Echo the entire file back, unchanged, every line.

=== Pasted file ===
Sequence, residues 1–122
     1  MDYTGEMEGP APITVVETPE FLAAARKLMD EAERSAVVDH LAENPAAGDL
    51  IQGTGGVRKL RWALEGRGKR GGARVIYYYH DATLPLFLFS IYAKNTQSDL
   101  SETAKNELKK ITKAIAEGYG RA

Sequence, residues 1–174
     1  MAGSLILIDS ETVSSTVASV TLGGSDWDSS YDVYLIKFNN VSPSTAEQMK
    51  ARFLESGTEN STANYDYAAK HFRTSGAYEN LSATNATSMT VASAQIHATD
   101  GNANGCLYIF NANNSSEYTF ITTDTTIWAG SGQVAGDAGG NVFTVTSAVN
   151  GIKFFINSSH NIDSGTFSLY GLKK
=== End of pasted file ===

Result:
Sequence, residues 1–122
     1  MDYTGEMEGP APITVVETPE FLAAARKLMD EAERSAVVDH LAENPAAGDL
    51  IQGTGGVRKL RWALEGRGKR GGARVIYYYH DATLPLFLFS IYAKNTQSDL
   101  SETAKNELKK ITKAIAEGYG RA

Sequence, residues 1–174
     1  MAGSLILIDS ETVSSTVASV TLGGSDWDSS YDVYLIKFNN VSPSTAEQMK
    51  ARFLESGTEN STANYDYAAK HFRTSGAYEN LSATNATSMT VASAQIHATD
   101  GNANGCLYIF NANNSSEYTF ITTDTTIWAG SGQVAGDAGG NVFTVTSAVN
   151  GIKFFINSSH NIDSGTFSLY GLKK